Right at the beginning of the month I spent a lovely morning with Katie. It was great to have the opportunity to meet up with a local sewing friend to chat and sew. To be fair I think I talked more than I sewed which explains why my Ida clutch didn't progress far that morning! 

I received exciting happy post mid July when my Exo scissors from William whiteley arrived. I had ordered two personalised chrome pairs during a kickstarter campaign at the end of 2017 with an expected delivery of May 2018. The folks over at whiteley's had had a few issues with the production process so I was so happy to be a recipient of one of the first batches released. These scissors/shears are in a totally different league to what I had been using.

I had backed the kickstarter campaign whilst there was a buy one get one free option so I'm now the proud owner of two shiny personalised super sharp pairs of scissors.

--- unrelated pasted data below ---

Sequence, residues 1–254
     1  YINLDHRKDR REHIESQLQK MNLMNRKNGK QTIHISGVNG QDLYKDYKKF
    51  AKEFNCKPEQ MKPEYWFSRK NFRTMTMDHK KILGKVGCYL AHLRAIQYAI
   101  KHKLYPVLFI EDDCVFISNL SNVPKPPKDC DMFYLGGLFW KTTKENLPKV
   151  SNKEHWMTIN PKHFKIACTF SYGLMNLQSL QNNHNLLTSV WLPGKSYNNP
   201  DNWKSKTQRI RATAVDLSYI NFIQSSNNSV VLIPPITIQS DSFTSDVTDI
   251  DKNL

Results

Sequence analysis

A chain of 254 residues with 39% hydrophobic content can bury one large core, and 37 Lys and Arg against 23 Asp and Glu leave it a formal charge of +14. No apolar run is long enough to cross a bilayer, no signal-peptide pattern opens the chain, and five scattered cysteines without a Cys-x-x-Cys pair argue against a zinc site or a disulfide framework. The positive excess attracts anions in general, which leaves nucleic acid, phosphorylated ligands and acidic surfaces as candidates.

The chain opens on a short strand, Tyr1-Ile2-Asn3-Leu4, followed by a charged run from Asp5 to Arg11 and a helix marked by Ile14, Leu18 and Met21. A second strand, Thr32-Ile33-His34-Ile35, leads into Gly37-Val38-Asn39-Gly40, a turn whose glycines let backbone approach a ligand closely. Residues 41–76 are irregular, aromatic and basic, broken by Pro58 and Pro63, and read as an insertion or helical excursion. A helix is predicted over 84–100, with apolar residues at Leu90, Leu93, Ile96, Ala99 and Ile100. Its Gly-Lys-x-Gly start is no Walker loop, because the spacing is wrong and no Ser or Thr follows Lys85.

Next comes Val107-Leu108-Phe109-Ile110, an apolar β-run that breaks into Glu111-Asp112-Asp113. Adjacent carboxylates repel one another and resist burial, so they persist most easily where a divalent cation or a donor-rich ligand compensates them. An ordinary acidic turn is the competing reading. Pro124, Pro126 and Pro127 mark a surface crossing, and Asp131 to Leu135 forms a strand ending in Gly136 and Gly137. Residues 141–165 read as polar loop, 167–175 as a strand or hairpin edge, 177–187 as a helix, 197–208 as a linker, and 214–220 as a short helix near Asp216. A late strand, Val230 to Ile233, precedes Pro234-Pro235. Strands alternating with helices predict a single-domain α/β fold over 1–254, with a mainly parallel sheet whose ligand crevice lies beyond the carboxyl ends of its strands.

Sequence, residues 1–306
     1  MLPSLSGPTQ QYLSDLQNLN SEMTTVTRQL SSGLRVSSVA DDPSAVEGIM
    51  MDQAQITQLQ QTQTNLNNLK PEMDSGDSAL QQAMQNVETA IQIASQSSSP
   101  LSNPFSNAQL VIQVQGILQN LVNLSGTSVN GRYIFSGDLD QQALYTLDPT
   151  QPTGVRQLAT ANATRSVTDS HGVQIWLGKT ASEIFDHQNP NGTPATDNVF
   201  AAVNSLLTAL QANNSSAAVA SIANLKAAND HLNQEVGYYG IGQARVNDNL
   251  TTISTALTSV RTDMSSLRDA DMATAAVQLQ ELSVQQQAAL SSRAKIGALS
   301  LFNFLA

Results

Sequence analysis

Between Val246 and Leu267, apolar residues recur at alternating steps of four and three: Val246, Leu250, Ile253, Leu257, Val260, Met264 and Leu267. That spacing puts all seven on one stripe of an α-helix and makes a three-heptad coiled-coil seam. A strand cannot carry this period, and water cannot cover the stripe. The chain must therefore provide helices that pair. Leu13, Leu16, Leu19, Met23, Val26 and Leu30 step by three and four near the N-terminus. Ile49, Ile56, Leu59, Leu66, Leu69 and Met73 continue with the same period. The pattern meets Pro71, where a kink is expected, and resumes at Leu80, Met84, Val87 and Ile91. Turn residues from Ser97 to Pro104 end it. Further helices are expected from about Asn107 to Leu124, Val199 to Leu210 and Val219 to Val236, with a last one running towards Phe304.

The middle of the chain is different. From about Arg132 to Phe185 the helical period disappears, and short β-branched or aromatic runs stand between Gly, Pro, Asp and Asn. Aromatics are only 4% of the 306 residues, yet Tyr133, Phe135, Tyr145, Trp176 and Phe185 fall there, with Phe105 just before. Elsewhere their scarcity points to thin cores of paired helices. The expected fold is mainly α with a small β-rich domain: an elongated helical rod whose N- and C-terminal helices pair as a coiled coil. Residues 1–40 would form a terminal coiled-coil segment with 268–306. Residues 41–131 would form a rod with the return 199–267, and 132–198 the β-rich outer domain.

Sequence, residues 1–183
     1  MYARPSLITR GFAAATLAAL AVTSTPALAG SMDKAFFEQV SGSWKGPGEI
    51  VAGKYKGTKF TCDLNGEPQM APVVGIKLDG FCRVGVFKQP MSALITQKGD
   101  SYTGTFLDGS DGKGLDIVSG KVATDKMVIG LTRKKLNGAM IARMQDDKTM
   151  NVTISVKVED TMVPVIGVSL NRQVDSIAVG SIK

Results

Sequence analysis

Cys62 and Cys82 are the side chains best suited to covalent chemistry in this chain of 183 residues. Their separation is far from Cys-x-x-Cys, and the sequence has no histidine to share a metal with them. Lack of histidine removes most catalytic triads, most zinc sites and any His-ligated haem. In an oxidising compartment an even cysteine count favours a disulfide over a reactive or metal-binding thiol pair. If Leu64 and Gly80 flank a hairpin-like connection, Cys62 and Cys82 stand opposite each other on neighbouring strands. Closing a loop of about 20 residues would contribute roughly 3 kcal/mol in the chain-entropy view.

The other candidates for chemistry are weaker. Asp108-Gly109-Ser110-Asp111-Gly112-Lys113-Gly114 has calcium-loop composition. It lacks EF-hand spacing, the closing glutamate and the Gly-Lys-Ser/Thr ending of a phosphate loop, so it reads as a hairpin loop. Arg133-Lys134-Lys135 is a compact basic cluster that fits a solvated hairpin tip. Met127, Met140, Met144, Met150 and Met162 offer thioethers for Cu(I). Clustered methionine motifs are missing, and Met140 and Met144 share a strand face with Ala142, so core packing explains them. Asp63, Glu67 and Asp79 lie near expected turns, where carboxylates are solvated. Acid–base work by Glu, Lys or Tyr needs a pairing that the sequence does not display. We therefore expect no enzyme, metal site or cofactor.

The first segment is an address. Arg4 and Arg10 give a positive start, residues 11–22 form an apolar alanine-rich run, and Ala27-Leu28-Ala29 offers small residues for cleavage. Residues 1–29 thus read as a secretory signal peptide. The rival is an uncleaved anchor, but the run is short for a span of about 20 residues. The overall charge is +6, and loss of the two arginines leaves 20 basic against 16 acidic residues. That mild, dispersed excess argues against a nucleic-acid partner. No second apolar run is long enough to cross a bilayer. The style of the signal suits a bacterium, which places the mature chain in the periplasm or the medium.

Then it was back to the Ida clutch bag making as the deadline was fast approaching. I'm not going to lie I really struggled with the leather, at parts where there were darts my poor machine really struggled to sew through the multiple layers but I persevered and managed to make a bag I was happy with.

My Ida went on its way to my recipient Jen along with a few other treats. Thanks heavens for next day delivery as I really was cutting it fine! 

And then it was time to open my #ogdenidaswap parcel. I had shown restraint which I didn't know I posessed in not opening it before reveal day. I think I was helped in part that I felt unable to enjoy my gift when I had yet to send mine on its way. 

My Ida was made by the lovely Vicky of sewstainability. I met Vicky at the little lawn party afternoon tea that I went to in York a while back. Obviously I follow her on Instagram and hadn't failed to see her snippet of what she had planned for the swap. As I was ripping into my package (I'd lost all restraint by this point!) I recognised the gold linen and tassel and knew exactly who my Ida was from and couldn't have been more pleased.

As is often the case with these swaps Vicky had gifted me a few things; candy, a magnet, the best of bookmarks and a set of fabric samples.